Advanced Search
MyIDEAS: Login to save this paper or follow this series

Measuring the Structure of Road Networks

Contents:

Author Info

  • Feng Xie
  • David Levinson

    ()
    (Nexus (Networks, Economics, and Urban Systems) Research Group, Department of Civil Engineering, University of Minnesota)

Abstract

Spatial networks display both topologic and geometric variations in their structure. This study investigates the measurement of road network structure. Existing measures of heterogeneity, connectivity, accessibility, and interconnectivity are reviewed and three supplemental measures are proposed, including measures of entropy, connection patterns, and continuity. Proposed measures were applied to 16 test networks, which were derived from 4 idealized base networks: 90-degree, 45-degree, 30-degree, and completely connected. The results show that the differentiated structures of road networks can be evaluated by the measure of entropy; predefined connection patterns of arterial roads can be identified and quantified by the measures of ringness, webness, beltness, circuitness, and treeness. A measure of continuity evaluates the quality of a network from the perspective of travelers. Proposed measures could be used to describe the structural attributes of complicated road networks quantitatively, to compare different network structures, and to explore the structural evolution of networks in the spatial and temporal context. These measures can find their applications in urban planning and transportation practice.

Download Info

If you experience problems downloading a file, check if you have the proper application to view it first. In case of further problems read the IDEAS help page. Note that these files are not on the IDEAS site. Please be patient as the files may be large.
File URL: http://nexus.umn.edu/Papers/Topology.pdf
File Function: First version, 2007
Download Restriction: no

Bibliographic Info

Paper provided by University of Minnesota: Nexus Research Group in its series Working Papers with number 200702.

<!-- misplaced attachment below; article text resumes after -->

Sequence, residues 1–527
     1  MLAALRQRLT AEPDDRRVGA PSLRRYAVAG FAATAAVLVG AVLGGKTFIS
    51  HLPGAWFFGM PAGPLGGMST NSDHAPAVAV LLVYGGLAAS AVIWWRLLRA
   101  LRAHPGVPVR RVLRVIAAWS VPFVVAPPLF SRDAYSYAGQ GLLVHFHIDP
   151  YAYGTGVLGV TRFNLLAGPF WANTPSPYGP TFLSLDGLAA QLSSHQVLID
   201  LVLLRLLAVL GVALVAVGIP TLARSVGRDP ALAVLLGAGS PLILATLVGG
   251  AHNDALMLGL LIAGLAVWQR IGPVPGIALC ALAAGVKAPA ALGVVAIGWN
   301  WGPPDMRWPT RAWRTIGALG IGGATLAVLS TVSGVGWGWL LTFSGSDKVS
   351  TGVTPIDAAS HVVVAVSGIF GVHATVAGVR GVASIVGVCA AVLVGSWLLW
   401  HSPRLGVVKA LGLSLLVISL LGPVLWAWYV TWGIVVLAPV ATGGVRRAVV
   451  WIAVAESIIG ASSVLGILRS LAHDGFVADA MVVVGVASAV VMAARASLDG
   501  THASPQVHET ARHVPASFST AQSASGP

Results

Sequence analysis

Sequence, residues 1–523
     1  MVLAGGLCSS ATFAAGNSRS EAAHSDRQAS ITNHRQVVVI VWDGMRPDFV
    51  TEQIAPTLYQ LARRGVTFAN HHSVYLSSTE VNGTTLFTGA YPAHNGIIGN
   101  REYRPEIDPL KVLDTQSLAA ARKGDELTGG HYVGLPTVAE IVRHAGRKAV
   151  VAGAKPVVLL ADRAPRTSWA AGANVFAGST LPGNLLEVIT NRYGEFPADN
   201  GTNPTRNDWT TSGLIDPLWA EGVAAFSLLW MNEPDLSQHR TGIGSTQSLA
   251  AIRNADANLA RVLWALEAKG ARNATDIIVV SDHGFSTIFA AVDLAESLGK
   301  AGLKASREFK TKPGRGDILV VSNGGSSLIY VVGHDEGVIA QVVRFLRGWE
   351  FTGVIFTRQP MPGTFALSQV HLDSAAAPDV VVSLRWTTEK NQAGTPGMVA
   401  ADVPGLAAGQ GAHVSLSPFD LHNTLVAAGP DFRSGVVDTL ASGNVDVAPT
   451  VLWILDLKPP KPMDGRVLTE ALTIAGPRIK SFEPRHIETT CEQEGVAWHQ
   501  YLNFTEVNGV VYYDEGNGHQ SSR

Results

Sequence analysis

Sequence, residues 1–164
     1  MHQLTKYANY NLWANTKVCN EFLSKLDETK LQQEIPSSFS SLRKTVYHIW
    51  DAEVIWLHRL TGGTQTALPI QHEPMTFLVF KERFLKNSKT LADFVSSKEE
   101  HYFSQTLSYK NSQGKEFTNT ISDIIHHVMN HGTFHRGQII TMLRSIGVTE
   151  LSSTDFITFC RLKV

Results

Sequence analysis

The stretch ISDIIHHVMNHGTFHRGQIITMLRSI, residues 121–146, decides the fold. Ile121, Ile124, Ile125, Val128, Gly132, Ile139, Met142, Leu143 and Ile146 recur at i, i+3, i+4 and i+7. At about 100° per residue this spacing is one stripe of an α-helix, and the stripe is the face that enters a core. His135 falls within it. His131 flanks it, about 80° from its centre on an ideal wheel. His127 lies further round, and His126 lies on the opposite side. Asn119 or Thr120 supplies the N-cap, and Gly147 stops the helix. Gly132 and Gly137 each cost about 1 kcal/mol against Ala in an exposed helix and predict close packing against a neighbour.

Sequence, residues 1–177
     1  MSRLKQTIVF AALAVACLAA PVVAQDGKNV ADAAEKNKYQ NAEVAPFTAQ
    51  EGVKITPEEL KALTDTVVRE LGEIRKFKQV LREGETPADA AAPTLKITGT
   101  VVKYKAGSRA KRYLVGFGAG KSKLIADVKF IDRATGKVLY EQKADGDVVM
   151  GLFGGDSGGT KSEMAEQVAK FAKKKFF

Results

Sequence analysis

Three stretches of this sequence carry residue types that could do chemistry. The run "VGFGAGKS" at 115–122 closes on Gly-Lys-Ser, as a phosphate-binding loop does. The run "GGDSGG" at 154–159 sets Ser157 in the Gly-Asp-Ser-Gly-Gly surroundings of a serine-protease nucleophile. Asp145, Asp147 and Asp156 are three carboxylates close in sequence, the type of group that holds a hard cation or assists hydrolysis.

as in new window
Length:
Date of creation: 2005
Date of revision:
Publication status: Published in Geographical Analysis 39(3) pp.336-356
Handle: RePEc:nex:wpaper:topology

Contact details of provider:
Postal: Dept. of Civil Engineering, 500 Pillsbury Drive SE, Minneapolis, MN 55455
Phone: +01 (612) 625-6354
Fax: +01 (612) 626-7750
Web page: http://nexus.umn.edu
More information through EDIRC

Related research

Keywords: Networks; Transportation; Structure; Entropy; Pattern; Continuity;

Find related papers by JEL classification:

References

No references listed on IDEAS
You can help add them by filling out this form.

Citations

Citations are extracted by the CitEc Project, subscribe to its RSS feed for this item.
as in new window

Cited by:
  1. David Levinson, 2011. "Network Structure and City Size," Working Papers 000094, University of Minnesota: Nexus Research Group.
  2. Alexander Erath & Michael Löchl & Kay Axhausen, 2009. "Graph-Theoretical Analysis of the Swiss Road and Railway Networks Over Time," Networks and Spatial Economics, Springer, vol. 9(3), pages 379-400, September.
  3. Pavithra Parthasarathi & Hartwig Hochmair & David Levinson, 2009. "The Influence of Network Structure on Travel Distance," Working Papers 000069, University of Minnesota: Nexus Research Group.

Lists

This item is not listed on Wikipedia, on a reading list or among the top items on IDEAS.

Statistics

Access and download statistics

Corrections

When requesting a correction, please mention this item's handle: RePEc:nex:wpaper:topology. See general information about how to correct material in RePEc.

For technical questions regarding this item, or to correct its authors, title, abstract, bibliographic or download information, contact: (David Levinson).

If you have authored this item and are not yet registered with RePEc, we encourage you to do it here. This allows to link your profile to this item. It also allows you to accept potential citations to this item that we are uncertain about.

If references are entirely missing, you can add them using this form.

If the full references list an item that is present in RePEc, but the system did not link to it, you can help with this form.

If you know of missing items citing this one, you can help us creating those links by adding the relevant references in the same way as above, for each refering item. If you are a registered author of this item, you may also want to check the "citations" tab in your profile, as there may be some citations waiting for confirmation.

Please note that corrections may take a couple of weeks to filter through the various RePEc services.